Photo 1: We attempt to keep the clean areas of the shore uncontaminated. The reeds in this photo have been mostly cut down now, as there were pools of oil in between the reeds. The reeds are cut 3 inches below the water surface, so that the plants are not killed, but the trapped oil is released. In the water, you can see black strips - that is "boom", an absorbent material that only soaks up oil, not water.
Photo 2: An example of containment. Just to the right of the large sacks is a black area. That is a heavy oil area. It's been "boomed" off, so that the oil is contained in that area and does not spread. Then, we work to clean that area. In the water you can see the yellow "river boom". It has a plastic coating and a "skirt" under the water that stops the oil from slipping under it.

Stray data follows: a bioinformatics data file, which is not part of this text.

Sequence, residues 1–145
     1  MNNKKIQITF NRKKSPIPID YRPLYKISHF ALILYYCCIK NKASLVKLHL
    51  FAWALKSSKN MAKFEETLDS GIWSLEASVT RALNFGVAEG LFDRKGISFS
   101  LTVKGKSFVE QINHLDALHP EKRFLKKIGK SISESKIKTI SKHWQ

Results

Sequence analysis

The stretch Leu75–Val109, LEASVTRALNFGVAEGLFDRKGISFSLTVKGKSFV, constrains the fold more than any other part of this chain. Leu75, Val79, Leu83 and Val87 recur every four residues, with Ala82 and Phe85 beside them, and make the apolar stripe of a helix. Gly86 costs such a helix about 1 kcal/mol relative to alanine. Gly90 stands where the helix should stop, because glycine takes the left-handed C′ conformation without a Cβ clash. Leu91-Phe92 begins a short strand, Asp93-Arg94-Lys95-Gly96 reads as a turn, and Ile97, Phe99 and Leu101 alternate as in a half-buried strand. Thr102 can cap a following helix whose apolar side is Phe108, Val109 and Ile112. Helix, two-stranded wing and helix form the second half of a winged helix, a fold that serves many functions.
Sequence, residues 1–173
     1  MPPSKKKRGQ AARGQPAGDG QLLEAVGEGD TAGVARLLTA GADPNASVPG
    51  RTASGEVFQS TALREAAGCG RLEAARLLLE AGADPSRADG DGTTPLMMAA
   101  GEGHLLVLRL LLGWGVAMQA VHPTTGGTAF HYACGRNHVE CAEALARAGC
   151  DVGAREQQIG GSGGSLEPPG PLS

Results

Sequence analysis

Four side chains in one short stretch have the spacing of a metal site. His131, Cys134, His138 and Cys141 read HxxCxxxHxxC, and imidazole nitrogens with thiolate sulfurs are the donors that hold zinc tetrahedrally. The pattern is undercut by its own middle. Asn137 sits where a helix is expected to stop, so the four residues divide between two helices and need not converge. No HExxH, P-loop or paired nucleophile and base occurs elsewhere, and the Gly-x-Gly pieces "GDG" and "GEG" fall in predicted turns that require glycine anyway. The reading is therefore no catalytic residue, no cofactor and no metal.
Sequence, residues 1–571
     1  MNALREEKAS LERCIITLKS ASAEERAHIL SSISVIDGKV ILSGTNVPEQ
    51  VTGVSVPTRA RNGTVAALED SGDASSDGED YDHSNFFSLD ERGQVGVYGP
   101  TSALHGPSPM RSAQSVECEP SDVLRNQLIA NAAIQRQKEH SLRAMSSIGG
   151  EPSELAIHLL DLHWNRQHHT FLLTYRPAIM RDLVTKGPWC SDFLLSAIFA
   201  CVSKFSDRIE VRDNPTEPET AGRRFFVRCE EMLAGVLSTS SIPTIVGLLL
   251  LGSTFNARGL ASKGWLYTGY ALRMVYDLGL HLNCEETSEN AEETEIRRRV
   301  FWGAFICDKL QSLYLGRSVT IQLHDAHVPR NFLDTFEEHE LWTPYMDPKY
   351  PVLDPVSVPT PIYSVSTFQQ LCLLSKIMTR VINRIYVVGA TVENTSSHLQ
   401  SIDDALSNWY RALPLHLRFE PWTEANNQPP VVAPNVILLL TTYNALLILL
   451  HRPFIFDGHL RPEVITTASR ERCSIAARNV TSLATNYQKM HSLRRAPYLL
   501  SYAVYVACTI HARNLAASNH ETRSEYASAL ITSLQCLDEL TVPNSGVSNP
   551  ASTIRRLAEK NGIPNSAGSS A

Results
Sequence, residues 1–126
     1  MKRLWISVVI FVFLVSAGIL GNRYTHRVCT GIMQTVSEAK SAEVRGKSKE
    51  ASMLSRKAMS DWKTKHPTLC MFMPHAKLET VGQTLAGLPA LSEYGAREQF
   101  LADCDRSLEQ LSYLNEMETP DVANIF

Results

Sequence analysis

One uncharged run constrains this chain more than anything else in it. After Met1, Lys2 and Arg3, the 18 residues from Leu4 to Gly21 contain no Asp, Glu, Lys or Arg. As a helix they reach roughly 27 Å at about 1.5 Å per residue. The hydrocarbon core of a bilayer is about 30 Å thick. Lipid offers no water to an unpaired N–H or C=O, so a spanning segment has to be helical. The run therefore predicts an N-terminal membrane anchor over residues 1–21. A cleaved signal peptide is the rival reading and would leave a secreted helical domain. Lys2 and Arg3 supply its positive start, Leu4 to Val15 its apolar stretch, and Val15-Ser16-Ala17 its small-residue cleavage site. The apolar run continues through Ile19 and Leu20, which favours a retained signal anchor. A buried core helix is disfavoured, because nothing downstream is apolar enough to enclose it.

Photo 3: What the site looks like in the morning, before we get started. It's nice and clean. This beach was classed as a "moderate" at one point, but was brought to a "light" by the time I took the photo. Currently, it's nearly clean with only the rocks left to clean up.
Photo 4: A typical beach at the end of the day. The black "intestines" are the boom that's been dragged back into shore and replaced with the clean stuff. Everyone wears those white suits. If in the water, you wear a white suit, chest waiters, another white suit, a pair of surgerical gloves and a pair of dishwasher clothes which is duct taped to your suits.